The games are back, but a certain special element of sportsmanship will not return, on account of the coronavirus. This is a remembrance of the ‘Put ‘er there,’ the soul shake, the hand slap, the high (and low) five. Those, and myriad other forms of dap, are done. For a while, at least.
MSNBC Commentator Al Sharpton was among those in the national media who covered the death of George Shuba in 2014 with a story about the 1946 handshake with Jackie Robinson. The gesture “was a huge moment for baseball and an even bigger one for the country,” Sharpton said. Later, he added, “He’ll always be remembered […]
When George Shuba passed away in 2014 at age 89, the New York Times wrote one of its signature obituaries about him. George “was best remembered for his welcoming gesture to Jackie Robinson at home plate on the day Robinson, as a minor leaguer, broke baseball’s color barrier,” the Times reported. Read the full story […]
On the 60th anniversary of the Robinson-Shuba handshake, the New York Times used that phrase in the headline of a story commemorating it. George Shuba told the paper later he didn’t realize the significance of the handshake at the time. “I really didn’t,” he said. “Our teammate hit a home run so I shook his […]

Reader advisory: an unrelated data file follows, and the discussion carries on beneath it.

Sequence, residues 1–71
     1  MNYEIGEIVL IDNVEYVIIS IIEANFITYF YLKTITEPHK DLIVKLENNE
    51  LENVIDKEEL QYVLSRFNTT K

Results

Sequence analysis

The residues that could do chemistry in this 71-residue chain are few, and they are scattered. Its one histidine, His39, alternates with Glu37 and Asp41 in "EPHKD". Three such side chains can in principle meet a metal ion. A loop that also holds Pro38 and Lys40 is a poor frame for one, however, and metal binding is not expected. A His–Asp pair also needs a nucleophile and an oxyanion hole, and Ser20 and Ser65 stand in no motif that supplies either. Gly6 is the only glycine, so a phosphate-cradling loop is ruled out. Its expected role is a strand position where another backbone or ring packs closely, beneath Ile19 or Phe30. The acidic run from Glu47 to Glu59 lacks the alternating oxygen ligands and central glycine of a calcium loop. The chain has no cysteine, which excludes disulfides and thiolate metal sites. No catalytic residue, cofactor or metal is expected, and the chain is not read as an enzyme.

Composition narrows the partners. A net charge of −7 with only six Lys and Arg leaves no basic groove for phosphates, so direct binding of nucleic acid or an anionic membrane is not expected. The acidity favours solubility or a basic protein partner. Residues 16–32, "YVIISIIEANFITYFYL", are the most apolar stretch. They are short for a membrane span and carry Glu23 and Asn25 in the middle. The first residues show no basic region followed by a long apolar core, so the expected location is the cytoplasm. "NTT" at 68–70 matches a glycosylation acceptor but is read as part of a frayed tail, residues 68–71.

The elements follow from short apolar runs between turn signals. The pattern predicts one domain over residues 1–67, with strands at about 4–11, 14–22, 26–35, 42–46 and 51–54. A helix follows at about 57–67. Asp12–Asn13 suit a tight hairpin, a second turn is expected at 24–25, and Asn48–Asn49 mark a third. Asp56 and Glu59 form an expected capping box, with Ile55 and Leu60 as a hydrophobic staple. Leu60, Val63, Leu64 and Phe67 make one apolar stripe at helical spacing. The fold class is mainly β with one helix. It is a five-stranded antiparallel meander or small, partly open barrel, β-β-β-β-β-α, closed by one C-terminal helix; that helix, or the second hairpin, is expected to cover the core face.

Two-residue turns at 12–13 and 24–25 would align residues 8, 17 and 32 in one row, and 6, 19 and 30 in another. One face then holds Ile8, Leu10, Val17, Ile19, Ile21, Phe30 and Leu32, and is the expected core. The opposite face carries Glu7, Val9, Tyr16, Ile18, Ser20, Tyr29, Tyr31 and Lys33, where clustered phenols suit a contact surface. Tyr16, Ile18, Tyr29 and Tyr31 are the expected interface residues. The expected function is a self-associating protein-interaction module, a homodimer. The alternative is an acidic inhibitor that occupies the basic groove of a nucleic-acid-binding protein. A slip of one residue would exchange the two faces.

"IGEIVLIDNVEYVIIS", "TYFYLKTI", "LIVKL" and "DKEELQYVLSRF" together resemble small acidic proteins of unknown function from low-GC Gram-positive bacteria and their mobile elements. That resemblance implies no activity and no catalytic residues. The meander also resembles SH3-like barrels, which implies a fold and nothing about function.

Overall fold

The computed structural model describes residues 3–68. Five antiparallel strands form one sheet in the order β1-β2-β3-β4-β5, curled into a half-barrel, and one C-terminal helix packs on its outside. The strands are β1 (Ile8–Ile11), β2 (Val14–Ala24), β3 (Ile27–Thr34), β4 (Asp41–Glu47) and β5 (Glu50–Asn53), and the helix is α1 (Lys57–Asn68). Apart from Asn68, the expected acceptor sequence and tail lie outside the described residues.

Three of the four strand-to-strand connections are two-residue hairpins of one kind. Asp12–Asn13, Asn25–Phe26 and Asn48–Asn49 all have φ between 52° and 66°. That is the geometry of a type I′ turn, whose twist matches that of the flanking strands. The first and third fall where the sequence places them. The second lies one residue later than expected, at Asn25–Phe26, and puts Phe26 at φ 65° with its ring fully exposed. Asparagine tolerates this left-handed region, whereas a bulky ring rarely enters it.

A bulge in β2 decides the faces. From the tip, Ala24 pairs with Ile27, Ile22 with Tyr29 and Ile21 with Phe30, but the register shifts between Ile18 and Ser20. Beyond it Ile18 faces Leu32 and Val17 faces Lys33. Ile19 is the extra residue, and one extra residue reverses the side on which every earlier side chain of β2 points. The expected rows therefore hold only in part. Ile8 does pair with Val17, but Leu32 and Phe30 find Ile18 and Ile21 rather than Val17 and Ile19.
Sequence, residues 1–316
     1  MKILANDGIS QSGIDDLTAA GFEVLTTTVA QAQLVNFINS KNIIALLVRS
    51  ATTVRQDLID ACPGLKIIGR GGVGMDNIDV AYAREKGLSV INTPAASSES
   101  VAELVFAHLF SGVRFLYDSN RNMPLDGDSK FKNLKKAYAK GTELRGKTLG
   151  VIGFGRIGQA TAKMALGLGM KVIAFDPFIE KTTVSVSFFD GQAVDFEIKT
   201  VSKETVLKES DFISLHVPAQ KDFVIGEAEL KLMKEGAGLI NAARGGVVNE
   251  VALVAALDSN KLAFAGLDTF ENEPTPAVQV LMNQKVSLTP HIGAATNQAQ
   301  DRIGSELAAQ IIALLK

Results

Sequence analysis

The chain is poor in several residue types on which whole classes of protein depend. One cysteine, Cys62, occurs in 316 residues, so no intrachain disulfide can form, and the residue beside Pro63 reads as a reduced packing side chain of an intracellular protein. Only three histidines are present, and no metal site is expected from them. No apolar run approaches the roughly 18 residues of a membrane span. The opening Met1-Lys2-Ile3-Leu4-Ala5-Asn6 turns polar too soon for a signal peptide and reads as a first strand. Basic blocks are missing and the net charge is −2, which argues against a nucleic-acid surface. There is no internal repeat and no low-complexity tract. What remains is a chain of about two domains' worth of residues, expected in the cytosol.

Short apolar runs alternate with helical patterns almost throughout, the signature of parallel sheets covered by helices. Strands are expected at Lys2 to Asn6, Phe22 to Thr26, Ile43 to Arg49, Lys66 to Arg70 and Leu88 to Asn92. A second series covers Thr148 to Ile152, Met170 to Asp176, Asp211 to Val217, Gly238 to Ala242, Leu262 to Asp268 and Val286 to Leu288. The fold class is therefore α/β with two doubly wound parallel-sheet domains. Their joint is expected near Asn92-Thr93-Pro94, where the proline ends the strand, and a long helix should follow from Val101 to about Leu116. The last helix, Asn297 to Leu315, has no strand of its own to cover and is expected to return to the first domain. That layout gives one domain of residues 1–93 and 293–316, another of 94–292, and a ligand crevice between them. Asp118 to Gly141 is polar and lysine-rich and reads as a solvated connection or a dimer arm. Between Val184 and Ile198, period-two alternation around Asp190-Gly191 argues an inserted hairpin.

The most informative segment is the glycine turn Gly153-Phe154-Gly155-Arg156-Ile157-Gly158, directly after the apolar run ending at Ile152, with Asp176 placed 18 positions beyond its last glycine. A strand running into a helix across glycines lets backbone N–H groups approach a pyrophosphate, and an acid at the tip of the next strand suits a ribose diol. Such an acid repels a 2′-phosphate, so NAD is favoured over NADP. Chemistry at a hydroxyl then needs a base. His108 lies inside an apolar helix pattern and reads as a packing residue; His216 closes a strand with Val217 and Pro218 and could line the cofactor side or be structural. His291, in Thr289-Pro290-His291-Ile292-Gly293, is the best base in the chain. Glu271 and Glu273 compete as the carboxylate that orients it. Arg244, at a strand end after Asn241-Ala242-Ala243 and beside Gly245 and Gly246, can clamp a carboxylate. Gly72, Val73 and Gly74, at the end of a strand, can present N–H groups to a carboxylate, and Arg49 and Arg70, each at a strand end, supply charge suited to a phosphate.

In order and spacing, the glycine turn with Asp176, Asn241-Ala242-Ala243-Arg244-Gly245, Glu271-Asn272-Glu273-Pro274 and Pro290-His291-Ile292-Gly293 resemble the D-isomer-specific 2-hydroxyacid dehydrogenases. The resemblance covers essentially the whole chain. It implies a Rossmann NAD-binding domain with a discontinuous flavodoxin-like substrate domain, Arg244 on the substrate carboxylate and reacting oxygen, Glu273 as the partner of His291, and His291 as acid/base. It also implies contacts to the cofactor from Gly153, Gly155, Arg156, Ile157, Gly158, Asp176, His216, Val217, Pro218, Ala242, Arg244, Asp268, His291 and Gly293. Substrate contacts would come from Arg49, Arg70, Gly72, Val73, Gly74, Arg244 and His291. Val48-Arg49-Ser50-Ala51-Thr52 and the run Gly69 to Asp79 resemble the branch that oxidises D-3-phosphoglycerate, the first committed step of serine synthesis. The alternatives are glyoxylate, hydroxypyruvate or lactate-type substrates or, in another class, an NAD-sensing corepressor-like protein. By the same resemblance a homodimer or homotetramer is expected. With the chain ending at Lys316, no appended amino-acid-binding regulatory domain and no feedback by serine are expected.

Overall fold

Sports Illustrated interviewed George Shuba in 1996 for its story about the 50th anniversary of Jackie Robinson’s barrier-smashing 1946 home run while he and George were teammates for the Montreal Royals, a minor league affiliate for the Brooklyn Dodgers. Shuba told SI he remembered vividly the moment he shook Robinson’s hand as the future Hall […]
The Robinson-Shuba “Handshake for the Century” celebrates the handshake of Shuba, a Youngstown native, and baseball superstar Jackie Robinson on April 18, 1946, when they were teammates for the Montreal Royals. Robinson had just hit a three-run homer in his debut game as the first black player in the formerly all-white minor leagues, and Shuba was the first to congratulate him at home plate.